Novel FAK Inhibitor Merits Further Investigation in Advanced Solid Tumors

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(ChemotherapyAdvisor) – The first-in-class study of a novel compound that selectively targets focal adhesion kinase (FAK) and proline-rich tyrosine kinase (Pyk2) in patients with advanced malignancies supports “further clinical investigation of FAK inhibitors, either alone or in combination, as novel targeted strategies for cancer treatment,” investigators concluded in the Journal of Clinical Oncology published online March 26.

The objectives of the Phase 1 study were to identify the recommended Phase 2 dose and assess safety and tolerability, pharmacokinetics, pharmacodynamics, and antitumor activity of PF-00562271. The study was conducted in two parts: part 1 evaluated dose escalation in 12 fasting and 3 fed cohorts and part 2 enrolled 99 patients (median age, 60 years) with specific tumor types at the recommended Phase 2 dose (125mg twice daily) with food and assessed effect on single-dose midazolam pharmacokinetics.

The majority of patients (75%) had three or more prior chemotherapy regimens; primary tumor types included colorectal (23%) squamous cell carcinoma of the head and neck (16%), pancreatic (14%), prostate (6%), non-small-cell lung cancer (5%), ductal breast cancer (5%), and other (30%). Of 14 patients evaluable by [18F]fluorodeoxyglucose positron emission tomography, 7 metabolic responses were observed. With conventional imaging, 31 patients had stable disease at first restaging scans; 15 remained stable for 6 or more cycles.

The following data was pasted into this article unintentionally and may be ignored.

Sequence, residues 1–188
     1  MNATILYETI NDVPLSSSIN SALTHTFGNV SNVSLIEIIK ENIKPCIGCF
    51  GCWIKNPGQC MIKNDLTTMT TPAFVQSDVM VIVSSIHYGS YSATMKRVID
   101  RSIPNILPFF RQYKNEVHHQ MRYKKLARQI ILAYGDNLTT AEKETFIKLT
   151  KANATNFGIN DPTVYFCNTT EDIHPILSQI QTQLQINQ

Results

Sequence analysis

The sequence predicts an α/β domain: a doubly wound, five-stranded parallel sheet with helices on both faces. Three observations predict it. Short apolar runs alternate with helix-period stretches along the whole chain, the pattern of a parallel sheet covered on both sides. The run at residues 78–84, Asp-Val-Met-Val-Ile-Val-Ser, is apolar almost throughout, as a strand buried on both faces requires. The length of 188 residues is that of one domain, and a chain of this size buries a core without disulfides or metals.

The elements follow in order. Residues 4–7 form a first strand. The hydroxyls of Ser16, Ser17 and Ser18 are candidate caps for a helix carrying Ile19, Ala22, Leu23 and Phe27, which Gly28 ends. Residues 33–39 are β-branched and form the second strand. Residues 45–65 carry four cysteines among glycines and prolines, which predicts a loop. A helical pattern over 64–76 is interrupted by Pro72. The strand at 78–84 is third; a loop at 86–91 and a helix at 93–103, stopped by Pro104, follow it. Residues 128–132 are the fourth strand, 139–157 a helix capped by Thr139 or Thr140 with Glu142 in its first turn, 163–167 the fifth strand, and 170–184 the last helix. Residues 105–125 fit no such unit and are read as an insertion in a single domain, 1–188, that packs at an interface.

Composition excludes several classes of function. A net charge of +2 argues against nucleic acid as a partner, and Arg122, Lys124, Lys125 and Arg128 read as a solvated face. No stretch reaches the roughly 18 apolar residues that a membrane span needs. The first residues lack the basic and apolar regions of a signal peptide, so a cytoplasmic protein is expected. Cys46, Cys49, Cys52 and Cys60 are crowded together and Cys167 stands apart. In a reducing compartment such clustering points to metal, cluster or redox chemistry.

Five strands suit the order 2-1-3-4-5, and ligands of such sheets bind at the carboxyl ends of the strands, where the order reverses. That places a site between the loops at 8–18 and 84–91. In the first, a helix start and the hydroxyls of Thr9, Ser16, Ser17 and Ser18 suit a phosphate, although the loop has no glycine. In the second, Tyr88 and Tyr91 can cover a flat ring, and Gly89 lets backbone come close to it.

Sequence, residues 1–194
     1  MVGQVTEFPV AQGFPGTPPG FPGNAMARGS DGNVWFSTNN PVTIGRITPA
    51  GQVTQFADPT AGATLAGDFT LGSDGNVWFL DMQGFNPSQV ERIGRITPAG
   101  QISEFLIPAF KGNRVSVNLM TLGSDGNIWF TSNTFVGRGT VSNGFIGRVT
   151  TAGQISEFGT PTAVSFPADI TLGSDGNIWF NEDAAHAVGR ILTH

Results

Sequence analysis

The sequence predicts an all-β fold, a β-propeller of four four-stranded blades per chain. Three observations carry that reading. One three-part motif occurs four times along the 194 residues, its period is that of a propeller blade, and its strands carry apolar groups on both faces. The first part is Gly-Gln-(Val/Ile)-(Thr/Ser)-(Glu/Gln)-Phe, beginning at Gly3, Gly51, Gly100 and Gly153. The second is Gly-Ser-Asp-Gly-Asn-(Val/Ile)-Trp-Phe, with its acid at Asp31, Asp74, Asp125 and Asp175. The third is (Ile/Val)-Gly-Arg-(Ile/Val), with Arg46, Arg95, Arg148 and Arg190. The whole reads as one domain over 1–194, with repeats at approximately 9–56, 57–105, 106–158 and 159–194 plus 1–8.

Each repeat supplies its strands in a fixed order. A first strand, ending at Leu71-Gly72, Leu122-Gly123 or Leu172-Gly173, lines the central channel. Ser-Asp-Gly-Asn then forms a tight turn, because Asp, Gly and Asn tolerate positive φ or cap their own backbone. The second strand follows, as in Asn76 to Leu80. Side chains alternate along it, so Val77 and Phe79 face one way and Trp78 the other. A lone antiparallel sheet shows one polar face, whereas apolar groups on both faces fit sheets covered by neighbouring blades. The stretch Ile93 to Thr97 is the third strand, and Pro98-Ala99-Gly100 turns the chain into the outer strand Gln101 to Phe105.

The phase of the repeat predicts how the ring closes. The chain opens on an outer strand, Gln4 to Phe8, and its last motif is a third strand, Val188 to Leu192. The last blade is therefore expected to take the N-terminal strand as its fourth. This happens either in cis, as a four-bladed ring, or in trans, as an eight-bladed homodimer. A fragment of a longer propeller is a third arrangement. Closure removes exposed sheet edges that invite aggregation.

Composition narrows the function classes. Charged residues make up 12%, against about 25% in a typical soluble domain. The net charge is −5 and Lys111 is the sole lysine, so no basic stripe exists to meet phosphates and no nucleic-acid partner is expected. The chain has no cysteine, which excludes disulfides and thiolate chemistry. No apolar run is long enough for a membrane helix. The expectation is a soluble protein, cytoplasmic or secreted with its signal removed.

Investigators found grade 3 dose-limiting toxicities to be headache, nausea/vomiting, dehydration, and edema. Nausea was observed in 60% of patients at the recommended Phase 2 dose; all were grades 1 or 2. “Food did not seem to affect the exposure profile, but it clearly improved tolerability and mitigated some of the GI treatment-related AEs,” they wrote.

PF-00562271 displayed time- and dose-dependent nonlinear PK. A preliminary drug interaction study with midazolam suggests the agent is most likely a potent inhibitor of CYP 3A, they found. Results of a recently completed Phase 1 clinical trial of PF-04554878, a second-generation compound with a more favorable PK profile, are awaited.


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